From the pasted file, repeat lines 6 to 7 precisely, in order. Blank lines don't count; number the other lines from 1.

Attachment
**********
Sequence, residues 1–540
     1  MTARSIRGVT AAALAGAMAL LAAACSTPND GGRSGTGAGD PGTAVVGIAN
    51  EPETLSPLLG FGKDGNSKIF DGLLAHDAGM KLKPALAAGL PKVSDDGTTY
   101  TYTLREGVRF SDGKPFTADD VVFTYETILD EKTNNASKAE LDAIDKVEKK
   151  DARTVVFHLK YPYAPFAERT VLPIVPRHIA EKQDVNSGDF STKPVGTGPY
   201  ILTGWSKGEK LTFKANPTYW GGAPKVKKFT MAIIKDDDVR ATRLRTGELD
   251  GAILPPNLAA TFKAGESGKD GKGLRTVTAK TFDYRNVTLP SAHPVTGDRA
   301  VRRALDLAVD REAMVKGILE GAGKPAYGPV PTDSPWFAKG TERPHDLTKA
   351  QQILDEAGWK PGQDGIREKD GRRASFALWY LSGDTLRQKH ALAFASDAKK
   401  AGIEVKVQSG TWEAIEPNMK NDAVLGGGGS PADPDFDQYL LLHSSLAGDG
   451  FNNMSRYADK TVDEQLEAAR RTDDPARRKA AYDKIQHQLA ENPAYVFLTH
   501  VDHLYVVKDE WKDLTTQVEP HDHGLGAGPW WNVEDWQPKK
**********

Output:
   201  ILTGWSKGEK LTFKANPTYW GGAPKVKKFT MAIIKDDDVR ATRLRTGELD
   251  GAILPPNLAA TFKAGESGKD GKGLRTVTAK TFDYRNVTLP SAHPVTGDRA